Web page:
No clues were ever found at the scene to assist in identifying the man, but fingerprints and dental records were obtained as part of an autopsy. That information failed to match with regional missing persons cases, so newspapers, including The Flume, published articles about the discovery in hopes of drumming up leads.

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The South Park cross country team and coaches gathered for an impromptu photo Oct. 8 at the South Park Invitational Meet in Fairplay. The coaches are Head Coach Bryan Shane and Assistant Coach Nina Asher. (Photo courtesy of Beverly Rafferty)

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Park County residents are prepared for wind, dust, snow, fires, gravel, potholes, hail and more when they travel in the county. Few are prepared for an airplane landing unexpectedly on a gravel road. 

When Rey Ortiz, Hartsel resident and former Army aircraft mechanic, left his home Oct. 7, he did not expect that shortly thereafter he would see a small airplane land right in front of his truck, but that is exactly what happened. 

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With election day looming less than a month away, Park County District 2 Commissioner Richard Elsner and challenger Richie Frangiosa faced off in a cordial but spirited public debate Oct. 6 at Platte Canyon High School.

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There I was, minding my own business, when a moose trio entered our yard. Just passing through, like real quick, not stopping to eat the aspens (this time). (Photo by DJ Hannigan/The Flume)

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The Park County Sheriff’s Office generally receives about 600 calls per week, running the gamut from motor vehicle accidents and ATVs on county roads, to shots fired and illegal campfires. 

Such calls are all part of a normal day’s work for Sheriff Tom McGraw and his deputies, and all varieties of calls require timely response and are taken extremely seriously.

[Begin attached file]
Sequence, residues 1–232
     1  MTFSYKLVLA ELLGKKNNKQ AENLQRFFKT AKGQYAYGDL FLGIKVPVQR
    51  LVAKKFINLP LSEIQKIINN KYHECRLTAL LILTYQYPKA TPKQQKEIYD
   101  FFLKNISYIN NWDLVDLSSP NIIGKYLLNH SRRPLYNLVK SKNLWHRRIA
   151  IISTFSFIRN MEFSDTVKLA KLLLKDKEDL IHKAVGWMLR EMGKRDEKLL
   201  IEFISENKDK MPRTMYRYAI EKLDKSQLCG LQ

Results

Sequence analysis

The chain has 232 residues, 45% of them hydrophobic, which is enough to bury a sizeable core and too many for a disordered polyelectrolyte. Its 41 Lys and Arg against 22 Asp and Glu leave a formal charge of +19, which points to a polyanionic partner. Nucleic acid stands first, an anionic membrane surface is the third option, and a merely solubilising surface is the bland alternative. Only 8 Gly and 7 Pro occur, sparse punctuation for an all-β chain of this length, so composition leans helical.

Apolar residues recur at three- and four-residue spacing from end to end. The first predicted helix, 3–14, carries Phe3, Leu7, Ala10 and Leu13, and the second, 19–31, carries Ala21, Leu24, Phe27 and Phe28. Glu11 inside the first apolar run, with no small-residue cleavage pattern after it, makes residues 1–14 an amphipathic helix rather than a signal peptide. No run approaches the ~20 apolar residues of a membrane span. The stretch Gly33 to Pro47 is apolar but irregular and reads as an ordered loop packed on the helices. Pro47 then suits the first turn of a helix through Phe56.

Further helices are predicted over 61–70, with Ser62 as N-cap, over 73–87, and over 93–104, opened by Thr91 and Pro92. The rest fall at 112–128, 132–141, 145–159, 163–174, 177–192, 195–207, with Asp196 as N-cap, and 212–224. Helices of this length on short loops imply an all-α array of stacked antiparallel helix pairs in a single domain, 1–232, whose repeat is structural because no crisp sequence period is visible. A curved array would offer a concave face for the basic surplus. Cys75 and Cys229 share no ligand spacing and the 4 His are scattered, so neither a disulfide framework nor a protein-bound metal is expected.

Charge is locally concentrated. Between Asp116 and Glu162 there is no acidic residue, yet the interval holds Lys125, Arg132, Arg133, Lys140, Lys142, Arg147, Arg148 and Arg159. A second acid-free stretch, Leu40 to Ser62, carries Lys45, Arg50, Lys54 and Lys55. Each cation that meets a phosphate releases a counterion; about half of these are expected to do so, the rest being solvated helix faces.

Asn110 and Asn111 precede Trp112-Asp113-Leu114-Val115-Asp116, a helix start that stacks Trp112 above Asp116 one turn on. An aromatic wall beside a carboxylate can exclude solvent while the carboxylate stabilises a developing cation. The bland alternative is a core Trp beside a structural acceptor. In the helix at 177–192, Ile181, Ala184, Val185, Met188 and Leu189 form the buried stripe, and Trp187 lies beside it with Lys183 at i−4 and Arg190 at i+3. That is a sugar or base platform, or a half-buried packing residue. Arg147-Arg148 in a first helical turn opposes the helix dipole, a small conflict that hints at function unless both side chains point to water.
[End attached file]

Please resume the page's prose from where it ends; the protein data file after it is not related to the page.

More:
But lately, there has been a dramatic increase in a particular type of call that ranks amongst the least favorite for responding deputies: domestic violence-based calls. 

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The Flume is pleased to announce that it will be serving as the moderating party for an Oct. 6 public debate between District 2 Park County Commissioner Richard Elsner and challenger Richie Frangiosa.

The debate will begin at 6:30 p.m. in the Canyon Room at Platte Canyon High School.

The format for the debate will consist of introductions by both the incumbent and challenger, followed by questions pertaining to a variety of issues central to Park County and its residents. 

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The Colorado Department of Transportation is standing by its previously announced decision to remove the traffic light situated at the intersection of U.S. Highway 285 and Park County Road 43A. 

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From an economic perspective, it’s nice to know that Park County’s only medical facility, South Park Healthcare in Fairplay, is adding staff members and expanding services.

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Autumn is here, and businesses are gearing up to get locals and visitors alike ready for the season. Platte River Outfitters 11th Annual Carhartt Sale will run Sept.18-Oct. 3, coinciding with the 285 Gold Rush Days.

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Park County School District RE-2 and Platte Canyon School District RE-1 are working diligently to continue the business of educating students while also adhearing to health guidelines set forth by the Centers for Disease Control and Prevention to combat the spread of the corona virus.